Japanese Language Stack Exchange is a question and answer site for students, teachers, and linguists wanting to discuss the finer points of the Japanese language. Join them; it only takes a minute:

Sign up
Here's how it works:
  1. Anybody can ask a question
  2. Anybody can answer
  3. The best answers are voted up and rise to the top


If it's は, does omitting は change the meaning in verb-te~はいる? And also, could you talk about what いる is doing?

If it's はいる, in what sense would you describe はいる's usage?

Also, as I googled for more examples, I noticed there was a general pattern of てはいる[が・けど・ものの]、... Is there something to this?

share|improve this question
up vote 8 down vote accepted

It's the 助詞 "は". I'll leave it to the linguists for a technical description, but the practical effect is to emphasize the verb. "Although I do know cigarettes are bad for my body, I pretty much can't quit."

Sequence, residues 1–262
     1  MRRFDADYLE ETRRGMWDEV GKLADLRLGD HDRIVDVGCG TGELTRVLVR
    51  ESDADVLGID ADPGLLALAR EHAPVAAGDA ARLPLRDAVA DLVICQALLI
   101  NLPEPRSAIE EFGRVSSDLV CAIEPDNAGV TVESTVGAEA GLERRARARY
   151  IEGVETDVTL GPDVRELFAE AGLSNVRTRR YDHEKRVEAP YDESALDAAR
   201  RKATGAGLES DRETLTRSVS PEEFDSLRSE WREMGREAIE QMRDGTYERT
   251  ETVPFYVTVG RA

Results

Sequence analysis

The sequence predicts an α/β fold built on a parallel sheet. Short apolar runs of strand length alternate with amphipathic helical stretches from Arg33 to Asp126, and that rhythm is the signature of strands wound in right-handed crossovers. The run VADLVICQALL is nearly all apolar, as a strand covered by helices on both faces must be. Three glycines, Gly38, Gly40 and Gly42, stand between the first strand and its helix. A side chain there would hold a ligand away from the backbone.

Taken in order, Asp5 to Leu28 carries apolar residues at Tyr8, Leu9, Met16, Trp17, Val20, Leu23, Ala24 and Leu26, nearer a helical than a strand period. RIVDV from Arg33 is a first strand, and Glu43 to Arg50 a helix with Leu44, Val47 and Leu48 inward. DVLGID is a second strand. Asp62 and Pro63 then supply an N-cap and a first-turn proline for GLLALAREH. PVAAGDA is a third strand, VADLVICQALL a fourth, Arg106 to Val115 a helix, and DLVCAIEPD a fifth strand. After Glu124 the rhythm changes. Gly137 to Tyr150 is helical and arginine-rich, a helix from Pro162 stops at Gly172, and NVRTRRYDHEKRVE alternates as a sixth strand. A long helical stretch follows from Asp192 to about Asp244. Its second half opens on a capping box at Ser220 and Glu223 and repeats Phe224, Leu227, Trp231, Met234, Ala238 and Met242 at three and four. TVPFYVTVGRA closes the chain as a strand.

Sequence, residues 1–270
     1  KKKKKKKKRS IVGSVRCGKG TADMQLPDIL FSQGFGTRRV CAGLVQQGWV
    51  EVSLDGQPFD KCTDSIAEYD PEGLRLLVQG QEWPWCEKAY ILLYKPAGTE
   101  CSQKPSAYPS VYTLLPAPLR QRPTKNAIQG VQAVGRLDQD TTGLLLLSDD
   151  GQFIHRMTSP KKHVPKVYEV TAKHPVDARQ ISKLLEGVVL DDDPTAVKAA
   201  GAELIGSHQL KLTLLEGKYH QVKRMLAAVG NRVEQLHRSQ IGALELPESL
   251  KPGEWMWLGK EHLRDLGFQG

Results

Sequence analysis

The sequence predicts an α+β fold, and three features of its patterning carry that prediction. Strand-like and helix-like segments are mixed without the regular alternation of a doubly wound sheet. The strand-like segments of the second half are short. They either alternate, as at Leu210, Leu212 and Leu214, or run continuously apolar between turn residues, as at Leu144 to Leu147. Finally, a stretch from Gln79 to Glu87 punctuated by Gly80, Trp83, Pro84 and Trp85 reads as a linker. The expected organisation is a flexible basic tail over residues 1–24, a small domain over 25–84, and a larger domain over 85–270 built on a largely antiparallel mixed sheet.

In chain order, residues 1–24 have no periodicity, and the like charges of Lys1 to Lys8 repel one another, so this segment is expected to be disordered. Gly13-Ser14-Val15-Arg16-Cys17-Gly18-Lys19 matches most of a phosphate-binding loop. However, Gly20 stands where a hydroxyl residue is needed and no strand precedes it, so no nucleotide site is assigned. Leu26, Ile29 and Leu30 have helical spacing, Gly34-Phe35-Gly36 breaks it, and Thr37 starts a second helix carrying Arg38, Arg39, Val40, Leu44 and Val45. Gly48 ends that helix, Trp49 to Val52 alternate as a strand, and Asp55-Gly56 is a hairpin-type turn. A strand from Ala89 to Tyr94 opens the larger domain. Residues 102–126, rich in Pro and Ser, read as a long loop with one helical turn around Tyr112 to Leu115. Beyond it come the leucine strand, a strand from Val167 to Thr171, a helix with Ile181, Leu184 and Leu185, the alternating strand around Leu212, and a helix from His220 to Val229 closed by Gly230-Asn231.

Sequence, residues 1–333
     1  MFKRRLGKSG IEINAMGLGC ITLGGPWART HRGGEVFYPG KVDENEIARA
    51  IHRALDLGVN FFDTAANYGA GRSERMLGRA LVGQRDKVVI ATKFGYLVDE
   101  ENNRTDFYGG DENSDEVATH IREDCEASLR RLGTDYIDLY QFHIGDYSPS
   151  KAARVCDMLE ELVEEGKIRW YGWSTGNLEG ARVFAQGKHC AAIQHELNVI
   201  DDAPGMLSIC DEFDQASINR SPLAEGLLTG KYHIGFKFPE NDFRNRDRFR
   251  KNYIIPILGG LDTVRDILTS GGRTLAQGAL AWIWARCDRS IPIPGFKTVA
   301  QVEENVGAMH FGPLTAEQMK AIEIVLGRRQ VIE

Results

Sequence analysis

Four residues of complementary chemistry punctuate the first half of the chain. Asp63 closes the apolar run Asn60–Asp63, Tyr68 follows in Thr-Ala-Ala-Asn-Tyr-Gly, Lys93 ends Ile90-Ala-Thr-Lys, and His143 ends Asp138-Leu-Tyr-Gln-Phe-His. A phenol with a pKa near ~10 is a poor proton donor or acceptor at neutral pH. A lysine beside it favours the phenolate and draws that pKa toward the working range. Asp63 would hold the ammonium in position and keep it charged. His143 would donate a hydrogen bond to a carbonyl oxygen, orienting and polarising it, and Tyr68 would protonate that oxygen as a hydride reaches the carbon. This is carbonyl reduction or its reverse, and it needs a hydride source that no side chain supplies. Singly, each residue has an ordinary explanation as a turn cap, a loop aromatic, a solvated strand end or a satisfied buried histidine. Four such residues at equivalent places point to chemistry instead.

share|improve this answer
This は is contrastive topic. 'As for understanding that cigarettes are bad for health, I do understand, but (for practicing that), I cannot quit it.' – user458 Sep 22 '11 at 5:35
@sawa - Thanks, sawa. I don't quite understand what you mean by "(for practicing that)". Could you put it in different words? Also, is there a grammatical term in Japanese for "contrastive topic は"? – rdb Sep 22 '11 at 6:22
Will 'putting it to practice' be understandable? I am not sure how 'contrastive topic' will be translated to Japanese, but a straightforward one will be '対比的主題'. – user458 Sep 22 '11 at 6:31
@sawa - Thanks, I see what you mean now. The phrase would be "putting it in(to) practice". It's idiomatic. – rdb Sep 22 '11 at 7:02

Your Answer


By posting your answer, you agree to the privacy policy and terms of service.

Not the answer you're looking for? Browse other questions tagged or ask your own question.